SOUTH LAKE TAHOE -- Two bear cubs were found separated from their mother last Saturday and left beside a Northern California highway.
The 5-week-old cubs were rescued by wildlife officers beside Highway 96 in Yreka. The mother was nowhere in sight.
The Department of Fish and Wildlife believes someone is responsible for moving them.
One couple has been making sure the cubs are able to return to the wild and in the meantime, make sure they’re in safe and loving arms.
“They have big claws and big feet,” said Cheryl Millham.
The brother bear cubs, Blaze and Yreka, have been finding comfort at the Lake Tahoe Wildlife Care center with the Millhams.
“And then like a baby, they need to be burped,” said Tom Millham. “Our job is just to make sure they grow up big and healthy and strong and they can get released back into the wild so everyone can appreciate them.”
Officers believe someone illegally separated the cubs from their mother since they are unable to just wander off at such a young age.
“They scoot, but they don’t walk. They can’t,” Cheryl said.
Officers tried to find the cubs’ mother but didn’t have any luck.
These adorable bear cubs, Blaze and Yreka, were found stranded beside Highway 96. @CaliforniaDFW thinks someone illegally separated them from their mother. While officers investigate, the cubs are at Lake Tahoe Wildlife Care. We show you how they're being helped on @FOX40 at 5. pic.twitter.com/jWRDPiUuYl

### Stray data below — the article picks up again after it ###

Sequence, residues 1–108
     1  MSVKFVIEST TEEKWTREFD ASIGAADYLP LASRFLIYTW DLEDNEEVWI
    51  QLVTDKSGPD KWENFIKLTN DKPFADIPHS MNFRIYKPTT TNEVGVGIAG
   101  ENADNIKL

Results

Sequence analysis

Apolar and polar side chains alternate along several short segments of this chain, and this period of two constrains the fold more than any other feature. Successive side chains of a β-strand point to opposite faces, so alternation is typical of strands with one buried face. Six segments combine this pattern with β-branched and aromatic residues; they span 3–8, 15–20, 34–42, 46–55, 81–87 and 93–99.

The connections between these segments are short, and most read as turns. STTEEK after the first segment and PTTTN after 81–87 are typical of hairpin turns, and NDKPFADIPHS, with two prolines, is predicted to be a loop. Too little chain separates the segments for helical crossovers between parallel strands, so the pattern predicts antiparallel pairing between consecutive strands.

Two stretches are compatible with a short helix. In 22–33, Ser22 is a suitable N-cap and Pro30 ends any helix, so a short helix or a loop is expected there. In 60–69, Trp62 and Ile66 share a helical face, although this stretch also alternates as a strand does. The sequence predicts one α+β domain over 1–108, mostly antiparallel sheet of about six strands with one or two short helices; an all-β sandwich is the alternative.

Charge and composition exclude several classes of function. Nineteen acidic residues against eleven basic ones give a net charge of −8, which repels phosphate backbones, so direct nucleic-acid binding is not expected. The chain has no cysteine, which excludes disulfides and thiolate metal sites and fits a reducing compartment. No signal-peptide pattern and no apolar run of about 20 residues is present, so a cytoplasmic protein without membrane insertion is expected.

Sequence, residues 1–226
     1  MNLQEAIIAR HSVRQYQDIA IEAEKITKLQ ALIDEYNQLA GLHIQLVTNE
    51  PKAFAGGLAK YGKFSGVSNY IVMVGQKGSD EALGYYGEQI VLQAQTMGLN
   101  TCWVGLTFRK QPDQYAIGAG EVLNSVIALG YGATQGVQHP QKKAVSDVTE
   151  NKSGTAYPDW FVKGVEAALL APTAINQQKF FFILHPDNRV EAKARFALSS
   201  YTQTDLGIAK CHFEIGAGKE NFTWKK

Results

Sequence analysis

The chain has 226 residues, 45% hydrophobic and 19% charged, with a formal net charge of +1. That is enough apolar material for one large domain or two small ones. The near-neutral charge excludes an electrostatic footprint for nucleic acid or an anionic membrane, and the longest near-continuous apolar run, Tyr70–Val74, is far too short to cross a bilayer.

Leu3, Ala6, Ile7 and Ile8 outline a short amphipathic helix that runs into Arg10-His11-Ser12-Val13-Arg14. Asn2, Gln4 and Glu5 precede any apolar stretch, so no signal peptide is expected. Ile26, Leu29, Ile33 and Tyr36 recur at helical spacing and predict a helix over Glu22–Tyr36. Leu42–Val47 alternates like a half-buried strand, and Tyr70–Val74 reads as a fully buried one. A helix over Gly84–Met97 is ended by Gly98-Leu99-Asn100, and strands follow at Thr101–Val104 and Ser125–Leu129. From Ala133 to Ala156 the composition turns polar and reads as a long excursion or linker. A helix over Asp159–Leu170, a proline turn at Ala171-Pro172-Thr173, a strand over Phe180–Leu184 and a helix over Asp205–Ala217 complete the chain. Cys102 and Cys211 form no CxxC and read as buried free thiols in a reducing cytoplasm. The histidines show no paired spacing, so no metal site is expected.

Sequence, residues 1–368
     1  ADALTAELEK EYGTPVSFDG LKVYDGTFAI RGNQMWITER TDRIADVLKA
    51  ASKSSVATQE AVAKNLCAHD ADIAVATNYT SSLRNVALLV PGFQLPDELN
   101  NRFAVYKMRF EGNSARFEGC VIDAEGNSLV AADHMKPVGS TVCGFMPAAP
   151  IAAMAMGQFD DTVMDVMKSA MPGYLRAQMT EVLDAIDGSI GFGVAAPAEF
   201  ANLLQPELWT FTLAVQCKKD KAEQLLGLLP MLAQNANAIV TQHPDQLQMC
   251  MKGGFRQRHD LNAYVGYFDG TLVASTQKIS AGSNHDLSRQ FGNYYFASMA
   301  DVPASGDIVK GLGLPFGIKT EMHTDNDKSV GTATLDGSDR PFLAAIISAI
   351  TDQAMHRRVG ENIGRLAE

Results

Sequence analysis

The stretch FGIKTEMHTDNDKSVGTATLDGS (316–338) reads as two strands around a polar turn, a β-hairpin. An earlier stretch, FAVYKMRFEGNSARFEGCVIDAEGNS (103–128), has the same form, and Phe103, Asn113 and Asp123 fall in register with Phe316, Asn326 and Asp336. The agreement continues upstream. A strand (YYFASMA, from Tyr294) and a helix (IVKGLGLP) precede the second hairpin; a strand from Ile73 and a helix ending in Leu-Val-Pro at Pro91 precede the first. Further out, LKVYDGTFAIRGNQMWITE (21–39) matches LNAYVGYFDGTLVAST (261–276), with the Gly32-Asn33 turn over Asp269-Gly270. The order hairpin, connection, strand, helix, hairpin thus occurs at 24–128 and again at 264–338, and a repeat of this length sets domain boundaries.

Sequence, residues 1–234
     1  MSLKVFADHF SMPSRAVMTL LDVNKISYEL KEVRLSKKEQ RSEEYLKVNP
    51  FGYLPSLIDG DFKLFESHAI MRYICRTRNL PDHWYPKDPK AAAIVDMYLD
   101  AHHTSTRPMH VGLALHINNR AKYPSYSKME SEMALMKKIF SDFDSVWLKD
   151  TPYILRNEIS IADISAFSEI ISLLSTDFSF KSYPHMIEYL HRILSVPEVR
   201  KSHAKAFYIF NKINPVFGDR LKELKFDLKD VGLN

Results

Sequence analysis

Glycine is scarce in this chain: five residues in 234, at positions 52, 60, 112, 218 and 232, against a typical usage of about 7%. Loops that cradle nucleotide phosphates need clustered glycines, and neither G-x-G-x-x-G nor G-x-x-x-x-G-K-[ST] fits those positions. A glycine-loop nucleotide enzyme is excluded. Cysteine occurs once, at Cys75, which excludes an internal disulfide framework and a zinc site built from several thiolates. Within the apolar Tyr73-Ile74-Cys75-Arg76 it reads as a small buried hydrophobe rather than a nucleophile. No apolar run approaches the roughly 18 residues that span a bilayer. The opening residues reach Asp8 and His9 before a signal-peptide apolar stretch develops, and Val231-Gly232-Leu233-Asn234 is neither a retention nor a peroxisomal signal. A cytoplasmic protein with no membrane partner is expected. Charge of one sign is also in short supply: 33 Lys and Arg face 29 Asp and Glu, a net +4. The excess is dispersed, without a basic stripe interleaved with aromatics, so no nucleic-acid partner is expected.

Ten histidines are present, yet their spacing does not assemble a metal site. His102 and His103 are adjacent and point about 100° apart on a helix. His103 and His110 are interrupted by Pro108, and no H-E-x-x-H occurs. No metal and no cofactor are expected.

— Jessica Mensch (@Jessmensch) March 17, 2019
“Something happened to mom but we’ll never know, we won't,” Cheryl stated.
Fish and Wildlife brought the brothers to the Millhams, who will care for the cubs over the next year.
“These bears are on a special formula. They’re getting special care,” Cheryl explained. "We know when to start pulling back to let them develop into wild bears. You have to be trained to do this."
For now, the cubs will stay in a crate and will be fed four times a day.
But soon, they’ll move to a larger habitat, where the cubs will have room to climb, play and learn to be more independent.
When they reach around 100 pounds, and they’re ready, the little guys will return home to the wild.
“We are the surrogate parents. We have to teach these guys what to look for and how to survive in the wild,” Cheryl said.
The Department of Fish and Wildlife is searching for whoever is responsible for separating the cubs from their mother. If you know anything, please call their tip line at 888-334-2258.